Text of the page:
State of emergency declared in Ecuador after clash at copper mine

Indigenous people blame mine for encroaching on their territory

A confrontation between local indigenous peoples and police at a mine in Ecuador has forced a state of emergency.

According to media reports, members of the Shuar people attacked the Exploracobres copper mine, killing at least one policeman and wounding several others.

About 60 were believed to be involved in the attack; they accuse the mine and its Chinese owner of encroaching on their territory. A confrontation in November injured 14 police officers and a guard at the mine.

Ecuador under President Rafael Correa is trying to develop the country's mining industry but pro-mining efforts have been challenged. In 2012 indigenous protesters marched across the country for two weeks against large-scale mining projects.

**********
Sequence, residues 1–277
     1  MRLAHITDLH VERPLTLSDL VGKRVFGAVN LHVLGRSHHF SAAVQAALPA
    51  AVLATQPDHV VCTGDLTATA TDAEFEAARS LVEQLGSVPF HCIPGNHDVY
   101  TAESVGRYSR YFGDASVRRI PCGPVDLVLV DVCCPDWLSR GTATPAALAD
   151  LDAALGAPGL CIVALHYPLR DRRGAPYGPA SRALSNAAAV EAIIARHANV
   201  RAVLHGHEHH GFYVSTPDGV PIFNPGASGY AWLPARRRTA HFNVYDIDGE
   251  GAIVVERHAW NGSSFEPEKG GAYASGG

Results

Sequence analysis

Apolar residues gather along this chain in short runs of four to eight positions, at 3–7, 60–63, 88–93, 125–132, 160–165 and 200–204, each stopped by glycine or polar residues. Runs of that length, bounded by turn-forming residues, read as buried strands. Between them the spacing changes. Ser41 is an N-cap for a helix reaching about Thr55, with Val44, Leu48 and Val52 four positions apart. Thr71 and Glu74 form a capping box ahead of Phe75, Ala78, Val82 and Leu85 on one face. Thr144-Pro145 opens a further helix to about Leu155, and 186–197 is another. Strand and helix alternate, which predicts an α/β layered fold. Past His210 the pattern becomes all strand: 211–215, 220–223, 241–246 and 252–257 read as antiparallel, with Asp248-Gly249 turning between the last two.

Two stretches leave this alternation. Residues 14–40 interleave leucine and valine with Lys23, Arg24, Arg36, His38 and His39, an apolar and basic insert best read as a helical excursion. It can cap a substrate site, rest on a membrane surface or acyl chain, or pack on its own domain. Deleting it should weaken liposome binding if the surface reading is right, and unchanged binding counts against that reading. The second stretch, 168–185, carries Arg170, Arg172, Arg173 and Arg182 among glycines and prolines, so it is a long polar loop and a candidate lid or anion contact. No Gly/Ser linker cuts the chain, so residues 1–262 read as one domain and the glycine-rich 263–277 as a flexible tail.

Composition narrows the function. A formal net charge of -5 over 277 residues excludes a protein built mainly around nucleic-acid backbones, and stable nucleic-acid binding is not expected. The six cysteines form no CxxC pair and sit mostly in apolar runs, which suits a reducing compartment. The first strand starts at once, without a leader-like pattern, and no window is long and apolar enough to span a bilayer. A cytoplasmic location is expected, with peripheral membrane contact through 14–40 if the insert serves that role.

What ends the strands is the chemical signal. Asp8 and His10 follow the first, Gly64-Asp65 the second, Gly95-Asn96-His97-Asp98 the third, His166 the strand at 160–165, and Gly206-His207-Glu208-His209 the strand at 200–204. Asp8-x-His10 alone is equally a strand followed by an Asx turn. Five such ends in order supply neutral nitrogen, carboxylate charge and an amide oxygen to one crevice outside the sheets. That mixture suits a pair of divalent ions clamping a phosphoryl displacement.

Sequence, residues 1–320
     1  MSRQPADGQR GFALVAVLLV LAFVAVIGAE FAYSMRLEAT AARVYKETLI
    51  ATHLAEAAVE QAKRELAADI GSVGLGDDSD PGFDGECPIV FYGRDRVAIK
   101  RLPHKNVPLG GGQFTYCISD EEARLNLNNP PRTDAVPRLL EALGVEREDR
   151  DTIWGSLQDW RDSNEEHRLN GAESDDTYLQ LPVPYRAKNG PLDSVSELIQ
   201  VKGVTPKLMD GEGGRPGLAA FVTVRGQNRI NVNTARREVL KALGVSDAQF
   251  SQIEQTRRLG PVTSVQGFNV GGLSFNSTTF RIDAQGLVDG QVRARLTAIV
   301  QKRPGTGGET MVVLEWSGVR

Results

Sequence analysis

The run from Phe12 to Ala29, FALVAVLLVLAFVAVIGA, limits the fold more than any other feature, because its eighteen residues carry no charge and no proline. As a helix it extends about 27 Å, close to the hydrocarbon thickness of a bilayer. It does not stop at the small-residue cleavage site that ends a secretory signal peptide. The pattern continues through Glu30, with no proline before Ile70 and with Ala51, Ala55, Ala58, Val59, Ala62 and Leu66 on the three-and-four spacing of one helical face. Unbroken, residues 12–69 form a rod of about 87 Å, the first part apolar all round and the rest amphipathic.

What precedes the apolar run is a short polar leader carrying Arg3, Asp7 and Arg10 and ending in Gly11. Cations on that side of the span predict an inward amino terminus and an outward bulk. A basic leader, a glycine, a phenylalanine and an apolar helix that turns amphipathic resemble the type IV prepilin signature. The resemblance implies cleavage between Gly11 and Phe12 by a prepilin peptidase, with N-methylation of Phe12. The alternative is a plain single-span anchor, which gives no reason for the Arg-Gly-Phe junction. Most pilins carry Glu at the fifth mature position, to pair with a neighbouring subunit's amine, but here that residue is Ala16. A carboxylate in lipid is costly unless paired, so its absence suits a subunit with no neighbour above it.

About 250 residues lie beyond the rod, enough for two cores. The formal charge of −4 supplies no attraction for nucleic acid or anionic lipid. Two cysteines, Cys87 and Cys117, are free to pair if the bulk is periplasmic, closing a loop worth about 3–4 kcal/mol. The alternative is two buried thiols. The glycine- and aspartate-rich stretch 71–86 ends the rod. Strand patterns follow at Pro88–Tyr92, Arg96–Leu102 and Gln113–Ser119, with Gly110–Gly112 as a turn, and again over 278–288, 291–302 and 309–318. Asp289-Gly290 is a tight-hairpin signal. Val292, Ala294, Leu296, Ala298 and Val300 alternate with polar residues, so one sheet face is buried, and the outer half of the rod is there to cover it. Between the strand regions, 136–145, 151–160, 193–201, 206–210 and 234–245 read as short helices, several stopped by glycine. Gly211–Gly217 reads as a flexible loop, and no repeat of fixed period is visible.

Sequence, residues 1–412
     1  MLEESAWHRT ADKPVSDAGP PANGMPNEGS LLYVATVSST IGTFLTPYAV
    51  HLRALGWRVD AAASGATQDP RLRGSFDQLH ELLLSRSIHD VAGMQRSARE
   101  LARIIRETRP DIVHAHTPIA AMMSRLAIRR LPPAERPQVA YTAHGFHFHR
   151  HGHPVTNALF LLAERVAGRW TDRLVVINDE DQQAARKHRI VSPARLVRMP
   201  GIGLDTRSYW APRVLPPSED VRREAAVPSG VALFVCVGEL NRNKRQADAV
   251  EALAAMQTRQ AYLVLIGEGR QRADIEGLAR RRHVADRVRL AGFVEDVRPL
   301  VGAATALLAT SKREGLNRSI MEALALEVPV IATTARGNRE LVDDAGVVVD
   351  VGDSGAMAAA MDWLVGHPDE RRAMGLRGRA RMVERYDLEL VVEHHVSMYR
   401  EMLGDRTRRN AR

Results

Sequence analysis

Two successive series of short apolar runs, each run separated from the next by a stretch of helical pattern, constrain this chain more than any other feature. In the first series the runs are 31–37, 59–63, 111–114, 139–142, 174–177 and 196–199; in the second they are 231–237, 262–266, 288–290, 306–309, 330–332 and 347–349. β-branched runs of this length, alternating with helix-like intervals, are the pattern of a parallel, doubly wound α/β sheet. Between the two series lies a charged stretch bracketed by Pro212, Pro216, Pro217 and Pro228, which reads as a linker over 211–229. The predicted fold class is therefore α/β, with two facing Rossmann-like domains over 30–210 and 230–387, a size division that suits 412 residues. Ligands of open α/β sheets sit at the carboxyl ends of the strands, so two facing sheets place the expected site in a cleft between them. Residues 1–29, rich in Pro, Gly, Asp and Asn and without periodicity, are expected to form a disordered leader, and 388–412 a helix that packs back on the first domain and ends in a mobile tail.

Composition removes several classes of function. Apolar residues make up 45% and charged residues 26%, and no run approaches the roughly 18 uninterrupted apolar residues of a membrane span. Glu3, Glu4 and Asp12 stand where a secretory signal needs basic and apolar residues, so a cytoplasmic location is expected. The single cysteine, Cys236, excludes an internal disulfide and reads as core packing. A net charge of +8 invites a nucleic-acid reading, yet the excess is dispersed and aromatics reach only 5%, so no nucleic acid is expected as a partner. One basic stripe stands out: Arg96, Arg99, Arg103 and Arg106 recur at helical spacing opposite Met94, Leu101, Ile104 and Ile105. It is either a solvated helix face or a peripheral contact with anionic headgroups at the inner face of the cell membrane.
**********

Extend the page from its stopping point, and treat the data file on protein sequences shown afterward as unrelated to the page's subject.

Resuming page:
In the latest uprising in the Amazonian region, Correa referred to the attackers as “the usual violent ones, disguised as ‘ancestrals,’” quotes the Wall Street Journal.

But indigenous organizations blame the government for failing to listen and “trampling on the constitutional rights of indigenous Ecuadoreans.”

The state of emergency was declared just a day after Ecuador signed a contract with Canada’s Lundin Gold (TSX:LUG) that allows the miner to move ahead with its Fruta del Norte gold project, the country’s largest.

The Vancouver-based company plans to build and operate an underground mine, along with a processing centre at the site, located in the southeastern Amazon province of Zamora Chinchipe.